If they wake in the dark, better that someone helpful is there than no-one at all surely. They could be asked to buzz reception and get you if your DD woke up.

DrNortherner Thu 26-Mar-09 11:34:48

Having worked in hotels for many many years I have never, and would never use a baby listening service. NEVER.

I have been that receptionist responsible for baby listening, whilst checking in 180 guests, answering a switchbord, taking messages, dealing with complaints, posting bar and restaurant charges, balancing the books, cashing up at the end of shift, etc I know just how many staff have access to your bedroom, you can not lock teh door from teh inside so a toddler can let themselves out easily. And room break ins are rife in hotels.

DandyLioness Thu 26-Mar-09 11:35:56

True about babysitter at least being someone in the room. I have used a hotel sitter before to stay in the room with DD and it worked fine. I guess in your shoes OP I'd go with that option.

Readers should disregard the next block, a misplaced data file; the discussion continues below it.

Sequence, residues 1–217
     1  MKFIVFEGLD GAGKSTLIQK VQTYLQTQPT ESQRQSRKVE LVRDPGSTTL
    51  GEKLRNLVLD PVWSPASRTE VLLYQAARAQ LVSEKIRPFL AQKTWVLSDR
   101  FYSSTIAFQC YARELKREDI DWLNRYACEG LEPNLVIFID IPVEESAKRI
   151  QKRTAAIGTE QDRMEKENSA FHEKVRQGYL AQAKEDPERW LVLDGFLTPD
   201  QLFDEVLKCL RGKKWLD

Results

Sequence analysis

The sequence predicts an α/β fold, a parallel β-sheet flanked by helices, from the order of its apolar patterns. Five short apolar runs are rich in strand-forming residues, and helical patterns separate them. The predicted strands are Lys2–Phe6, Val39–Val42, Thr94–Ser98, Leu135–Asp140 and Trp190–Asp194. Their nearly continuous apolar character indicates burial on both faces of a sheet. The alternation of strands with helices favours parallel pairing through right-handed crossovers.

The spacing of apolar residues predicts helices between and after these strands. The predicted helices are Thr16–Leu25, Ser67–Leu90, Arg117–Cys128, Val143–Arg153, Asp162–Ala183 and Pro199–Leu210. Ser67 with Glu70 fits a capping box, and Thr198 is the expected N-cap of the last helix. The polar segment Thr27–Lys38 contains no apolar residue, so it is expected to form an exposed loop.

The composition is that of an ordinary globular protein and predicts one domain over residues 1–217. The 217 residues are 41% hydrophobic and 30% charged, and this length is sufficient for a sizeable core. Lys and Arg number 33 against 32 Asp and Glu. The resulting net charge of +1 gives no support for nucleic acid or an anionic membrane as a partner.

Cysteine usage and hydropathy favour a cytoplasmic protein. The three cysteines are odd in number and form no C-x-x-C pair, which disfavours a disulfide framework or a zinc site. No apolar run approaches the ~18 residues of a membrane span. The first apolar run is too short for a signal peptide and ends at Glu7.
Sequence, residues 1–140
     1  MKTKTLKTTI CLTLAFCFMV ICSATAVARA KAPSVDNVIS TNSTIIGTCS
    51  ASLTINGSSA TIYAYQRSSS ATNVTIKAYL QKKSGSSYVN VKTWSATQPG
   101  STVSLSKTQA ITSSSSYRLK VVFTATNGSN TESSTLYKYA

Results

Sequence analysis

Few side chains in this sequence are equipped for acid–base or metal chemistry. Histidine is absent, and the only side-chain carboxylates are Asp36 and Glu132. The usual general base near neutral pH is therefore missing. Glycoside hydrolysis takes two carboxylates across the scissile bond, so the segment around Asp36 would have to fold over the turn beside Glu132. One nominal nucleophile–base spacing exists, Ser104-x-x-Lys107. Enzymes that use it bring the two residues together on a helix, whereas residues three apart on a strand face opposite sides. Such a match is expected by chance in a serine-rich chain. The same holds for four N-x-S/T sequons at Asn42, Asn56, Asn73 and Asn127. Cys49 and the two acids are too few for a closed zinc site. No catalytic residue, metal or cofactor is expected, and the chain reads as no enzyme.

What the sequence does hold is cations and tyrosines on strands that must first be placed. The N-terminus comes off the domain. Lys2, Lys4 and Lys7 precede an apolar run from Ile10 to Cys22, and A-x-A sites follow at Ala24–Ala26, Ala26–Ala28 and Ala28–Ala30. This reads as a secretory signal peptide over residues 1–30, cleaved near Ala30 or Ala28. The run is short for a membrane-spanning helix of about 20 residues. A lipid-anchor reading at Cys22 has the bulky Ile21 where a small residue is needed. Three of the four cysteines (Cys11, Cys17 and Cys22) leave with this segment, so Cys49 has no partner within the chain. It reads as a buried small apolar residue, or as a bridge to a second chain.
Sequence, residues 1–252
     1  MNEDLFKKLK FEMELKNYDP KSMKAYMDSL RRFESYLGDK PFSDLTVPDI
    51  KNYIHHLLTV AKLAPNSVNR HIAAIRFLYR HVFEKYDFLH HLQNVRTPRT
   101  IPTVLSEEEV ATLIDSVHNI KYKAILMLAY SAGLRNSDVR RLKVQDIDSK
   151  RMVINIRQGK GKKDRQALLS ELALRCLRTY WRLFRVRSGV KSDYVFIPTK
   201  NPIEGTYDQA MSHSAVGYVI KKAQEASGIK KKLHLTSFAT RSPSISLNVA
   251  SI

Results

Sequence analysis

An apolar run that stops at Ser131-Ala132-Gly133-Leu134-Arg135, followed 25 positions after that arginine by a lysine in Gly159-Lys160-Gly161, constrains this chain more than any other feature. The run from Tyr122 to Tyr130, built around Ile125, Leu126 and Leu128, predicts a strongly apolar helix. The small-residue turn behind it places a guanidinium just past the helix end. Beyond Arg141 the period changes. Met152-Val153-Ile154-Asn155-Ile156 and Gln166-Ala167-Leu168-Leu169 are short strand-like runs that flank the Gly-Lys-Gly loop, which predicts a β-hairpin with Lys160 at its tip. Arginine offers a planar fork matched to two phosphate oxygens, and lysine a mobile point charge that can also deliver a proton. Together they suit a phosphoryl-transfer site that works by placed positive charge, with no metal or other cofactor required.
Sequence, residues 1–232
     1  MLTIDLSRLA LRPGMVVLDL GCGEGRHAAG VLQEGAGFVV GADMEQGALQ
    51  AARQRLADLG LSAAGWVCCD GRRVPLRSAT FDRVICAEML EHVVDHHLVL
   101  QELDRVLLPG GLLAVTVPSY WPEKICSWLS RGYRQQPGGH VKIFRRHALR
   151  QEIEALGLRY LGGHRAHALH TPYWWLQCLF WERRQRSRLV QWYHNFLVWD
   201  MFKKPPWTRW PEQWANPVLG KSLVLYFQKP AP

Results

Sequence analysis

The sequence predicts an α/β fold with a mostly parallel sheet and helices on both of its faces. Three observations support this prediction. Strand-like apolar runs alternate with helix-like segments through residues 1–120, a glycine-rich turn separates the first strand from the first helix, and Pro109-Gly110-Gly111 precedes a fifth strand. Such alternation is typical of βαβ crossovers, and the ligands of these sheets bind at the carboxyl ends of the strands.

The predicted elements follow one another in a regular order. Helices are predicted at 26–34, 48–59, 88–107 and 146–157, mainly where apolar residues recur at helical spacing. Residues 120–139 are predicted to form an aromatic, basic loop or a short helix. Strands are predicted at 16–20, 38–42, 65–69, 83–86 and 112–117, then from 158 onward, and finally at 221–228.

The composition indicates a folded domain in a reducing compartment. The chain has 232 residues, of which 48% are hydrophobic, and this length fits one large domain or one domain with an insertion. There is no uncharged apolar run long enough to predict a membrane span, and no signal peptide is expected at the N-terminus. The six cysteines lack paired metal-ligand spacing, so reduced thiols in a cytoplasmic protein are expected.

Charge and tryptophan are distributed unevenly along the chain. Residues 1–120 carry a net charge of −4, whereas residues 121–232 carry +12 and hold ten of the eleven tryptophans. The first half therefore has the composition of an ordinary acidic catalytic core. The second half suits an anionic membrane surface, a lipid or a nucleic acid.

edam Thu 26-Mar-09 11:37:49

Interesting to hear from someone who has done babylistening how rubbish it is. Have never used it and DrNortherner has convinced me not to start!

shouldbeironing Thu 26-Mar-09 11:38:57

If you decide to go for the sitter, I would try and book it up now/in advance otherwise you might find there is no one available esp at Easter.

DrNortherner Thu 26-Mar-09 11:40:06

Plus, people seem to forget, hotels are a PUBLIC place. Anyone can wander in, anyone can walk the corridors. Porters, housekeeping, maintenance, reception, duty managers all have access to your bedroom.

Most folk would not leave a handbag/passport alone in a hotel room let alone a child.

ImpatientGriselda Thu 26-Mar-09 12:10:56

Am now worried following DrNorthener's scary posts...shock

I'll probably give the hotel a ring to find out the scoop; I'd expect an explicity child-friendly hotel maybe to have a dedicated listening person rather than a busy receptionist at the helm? (Although I'm probably being very optimistic)

Wimbleberry Thu 26-Mar-09 12:27:16

We used the baby listening service at the Sands resort in Cornwall and were very happy with it. There was a dedicated member of staff listening at all times. There were stair gates on the doors to stop any children who could open doors from escaping.